If your mainly concerned about learning java then you should stick with Slick2D and try make a full complete game. You learn a lot more about Java as you get to more advance stages of making a game. If you want to learn OpenGL then you should stick with LWJGL, its a bit harder to learn both Java and OpenGL at the same time.


Hmm.. Alright then, Ill have a go with Slick. Ive got a game in mind, which conveniently is simple with potential for complexity.
Thanks for your help, I would've never found Slick otherwise =]


As for learning Java, I'd say buy a couple of books.  Later on when you learn new languages, you can just learn from the internetz (because the concepts are basically the same, just different syntax).  Look online at Amazon for good up-to-date Java books for beginners and read the comments.  For me, this was essential when I first started out; I learned C++ from three very good books:  a fun beginner book (dummies; complete idiot's guide), a huge reference book, and a more serious beginner book (here, I'd suggest something on game theory or even OpenGL; even if it is in C++ or another language, you should be able to use the concepts in Java).  This was the first language I learned almost a decade ago; Java is a much better beginner language (and you can make apps for the Android) than C++.  Anyway, once I learned that, it was very easy to then learn Java and other languages (Ruby, Python, etc.) using only online tutorials, etc.  The nice thing about books is that (almost) everything is clearly defined right there in front of you; you don't have to search all over the net and check 100 sites to figure out the best way.  Also, you can write in it, and it's easier to look at a book and type than be constantly switching windows (or having your windows shrunk next to each other).  Finally, I'd suggest using the NetBeans or Eclipse IDE (Integrated Development Environment), and maybe even dual-booting with Linux ;) but that is just optional and me being a Linux whore.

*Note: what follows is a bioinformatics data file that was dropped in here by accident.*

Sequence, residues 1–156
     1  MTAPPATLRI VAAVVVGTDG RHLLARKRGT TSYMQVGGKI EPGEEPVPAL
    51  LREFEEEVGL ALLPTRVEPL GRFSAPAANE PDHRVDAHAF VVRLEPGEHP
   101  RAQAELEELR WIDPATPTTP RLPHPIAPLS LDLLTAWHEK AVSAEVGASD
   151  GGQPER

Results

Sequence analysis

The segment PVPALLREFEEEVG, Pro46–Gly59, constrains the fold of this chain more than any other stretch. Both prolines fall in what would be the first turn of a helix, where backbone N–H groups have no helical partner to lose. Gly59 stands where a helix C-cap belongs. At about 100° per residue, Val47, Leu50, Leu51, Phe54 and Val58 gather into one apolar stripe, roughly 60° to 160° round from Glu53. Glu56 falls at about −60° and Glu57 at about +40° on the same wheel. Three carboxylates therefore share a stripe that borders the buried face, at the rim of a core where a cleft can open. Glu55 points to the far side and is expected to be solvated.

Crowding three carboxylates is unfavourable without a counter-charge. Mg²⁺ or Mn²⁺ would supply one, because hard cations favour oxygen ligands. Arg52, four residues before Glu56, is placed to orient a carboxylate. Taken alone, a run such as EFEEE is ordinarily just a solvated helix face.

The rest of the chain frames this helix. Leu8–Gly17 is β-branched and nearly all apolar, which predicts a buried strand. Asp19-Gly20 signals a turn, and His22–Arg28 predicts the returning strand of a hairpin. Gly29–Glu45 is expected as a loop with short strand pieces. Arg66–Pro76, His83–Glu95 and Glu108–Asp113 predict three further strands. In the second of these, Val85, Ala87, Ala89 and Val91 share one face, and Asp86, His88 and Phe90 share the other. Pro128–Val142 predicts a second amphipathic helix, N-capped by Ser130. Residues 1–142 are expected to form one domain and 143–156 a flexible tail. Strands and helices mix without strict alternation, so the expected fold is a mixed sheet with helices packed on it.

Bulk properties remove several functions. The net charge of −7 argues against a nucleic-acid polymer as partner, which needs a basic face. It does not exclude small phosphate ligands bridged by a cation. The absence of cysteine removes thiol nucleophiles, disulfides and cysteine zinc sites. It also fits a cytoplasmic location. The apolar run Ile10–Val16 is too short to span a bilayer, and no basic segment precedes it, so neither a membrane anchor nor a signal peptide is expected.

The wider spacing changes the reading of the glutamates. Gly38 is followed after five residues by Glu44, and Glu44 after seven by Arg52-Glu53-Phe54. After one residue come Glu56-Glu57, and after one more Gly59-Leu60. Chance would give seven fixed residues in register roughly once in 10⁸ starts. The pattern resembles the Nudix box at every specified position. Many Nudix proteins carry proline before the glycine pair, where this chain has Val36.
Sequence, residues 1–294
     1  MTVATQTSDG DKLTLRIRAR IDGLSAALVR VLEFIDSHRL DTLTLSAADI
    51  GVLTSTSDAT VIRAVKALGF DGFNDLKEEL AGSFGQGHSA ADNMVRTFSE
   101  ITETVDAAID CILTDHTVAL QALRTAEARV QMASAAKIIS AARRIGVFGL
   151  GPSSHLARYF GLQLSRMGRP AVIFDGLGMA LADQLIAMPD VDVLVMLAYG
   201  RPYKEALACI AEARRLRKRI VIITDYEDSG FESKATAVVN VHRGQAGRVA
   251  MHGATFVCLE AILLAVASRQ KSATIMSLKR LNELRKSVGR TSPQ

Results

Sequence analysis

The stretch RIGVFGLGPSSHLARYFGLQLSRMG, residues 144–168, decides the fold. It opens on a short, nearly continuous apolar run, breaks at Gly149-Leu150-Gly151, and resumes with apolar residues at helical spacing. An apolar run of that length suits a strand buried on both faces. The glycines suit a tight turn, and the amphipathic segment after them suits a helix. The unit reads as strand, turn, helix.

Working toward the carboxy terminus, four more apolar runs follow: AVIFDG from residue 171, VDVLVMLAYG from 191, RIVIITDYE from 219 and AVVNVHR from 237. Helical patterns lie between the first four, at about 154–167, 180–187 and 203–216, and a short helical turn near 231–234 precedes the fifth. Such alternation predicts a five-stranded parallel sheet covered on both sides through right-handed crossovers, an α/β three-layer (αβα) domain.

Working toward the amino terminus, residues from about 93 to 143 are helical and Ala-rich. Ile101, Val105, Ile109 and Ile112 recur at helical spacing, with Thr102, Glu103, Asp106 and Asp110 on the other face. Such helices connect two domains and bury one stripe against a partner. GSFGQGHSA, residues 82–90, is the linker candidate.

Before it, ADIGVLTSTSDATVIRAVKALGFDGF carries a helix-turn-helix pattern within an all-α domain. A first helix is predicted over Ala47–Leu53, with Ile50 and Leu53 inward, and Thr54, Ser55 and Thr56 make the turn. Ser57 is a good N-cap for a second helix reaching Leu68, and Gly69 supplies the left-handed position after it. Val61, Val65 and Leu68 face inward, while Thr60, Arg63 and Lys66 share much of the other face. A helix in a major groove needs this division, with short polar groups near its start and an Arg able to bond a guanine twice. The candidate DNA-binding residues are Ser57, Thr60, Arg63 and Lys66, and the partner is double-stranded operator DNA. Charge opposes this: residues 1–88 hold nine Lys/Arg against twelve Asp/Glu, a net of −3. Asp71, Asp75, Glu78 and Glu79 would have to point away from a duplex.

cool story, bro


Wow, thanks for the help. So an actual Physical book would be worth my while? If thats the case, I shall look into it. So essentially, youre saying that really, I should use Java to learn the basic concepts, and then all I need to do is learn syntax of other languages, and that can be done using the online tutorials? Nice, Thanks!

(Also, Im way ahead of you - Ive had a Dual boot of Linux for a good 4-5 Years now, and ive got netbeans too. =])


Without sounding too self serving, I would like to suggest the env3d library (http://env3d.org).  It's a 3D library written specifically for learning the Java language.  It uses the BlueJ IDE (netbeans can open BlueJ projects using the BlueJ plug-in).

On the env3d website, you can find many tutorials (under the lessons section) that are designed to illustrate OO concepts.  As well, the library has facilitates that make applet deployment a snap.  You can check out some student projects in the showcase section of the site.
   Env3D (http://env3d.org): Learn Java in 3D
   WhaleChat (http://whalechat.com): A 3D social programming experiment